Reassessing Youth Villages’ Intercept® Program with Recent Data Following their report from last year, Scott Huhr and Fred Wulczyn report findings from their reassessment on the impact of Intercept using Tennessee DCS administrative data to examine a more recent period. Intercept is an intensive in-home services program that targets families with children at risk of placement. Key features of the program include program intensity (meeting with families an average of three times weekly), low staff caseloads of 4 – 5 families, active 24/7 on-call structure, and structured weekly supervision and consultation from a licensed clinician who is an expert in the model. The state of Tennessee, which offers Intercept in various counties around the state, commissioned the study. As before, results indicate that Intercept does significantly reduce the odds of placement. Click here to download the full paper.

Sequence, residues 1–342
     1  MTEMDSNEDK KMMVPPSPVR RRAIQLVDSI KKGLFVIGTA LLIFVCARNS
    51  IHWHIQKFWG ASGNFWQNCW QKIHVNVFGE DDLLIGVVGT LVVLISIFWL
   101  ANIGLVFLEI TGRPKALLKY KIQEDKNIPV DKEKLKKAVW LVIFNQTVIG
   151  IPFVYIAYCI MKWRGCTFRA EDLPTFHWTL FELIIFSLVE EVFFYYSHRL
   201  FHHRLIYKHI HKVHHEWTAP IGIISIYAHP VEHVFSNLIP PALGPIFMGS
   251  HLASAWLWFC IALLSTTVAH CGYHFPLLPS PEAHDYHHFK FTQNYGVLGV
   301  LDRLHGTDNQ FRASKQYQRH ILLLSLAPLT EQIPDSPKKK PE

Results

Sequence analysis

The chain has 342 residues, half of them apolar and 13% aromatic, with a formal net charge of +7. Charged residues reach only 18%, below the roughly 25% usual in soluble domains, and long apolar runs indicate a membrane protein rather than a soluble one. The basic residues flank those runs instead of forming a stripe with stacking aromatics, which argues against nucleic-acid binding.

Archive: August 2021
Despite long-standing criticisms and the preference for less restrictive placement settings, congregate care remains an important component of the care continuum used to meet the complex behavioral and mental health needs of children and youth who cannot live at home (Dinges et al., 2008; Blau et al., 2014; Butler & McPherson, 2007; Whittaker et al., 2016). High-quality, tailored congregate care placements with strong program models and highly qualified practitioners do serve as an important placement alternative for children and youth with complex clinical needs who require a short-term stay in a treatment facility (Blau et al., 2014; Daly et al., 2018; James, 2011). The 2018 Family First Prevention Services Act (FFPSA), which alters federal policy concerning congregate care, preserves the appropriate use of congregate care through an emphasis on family-based placements and the development of qualified residential treatment programs (QRTPs). Against this backdrop, we aim to answer the following four… Read more >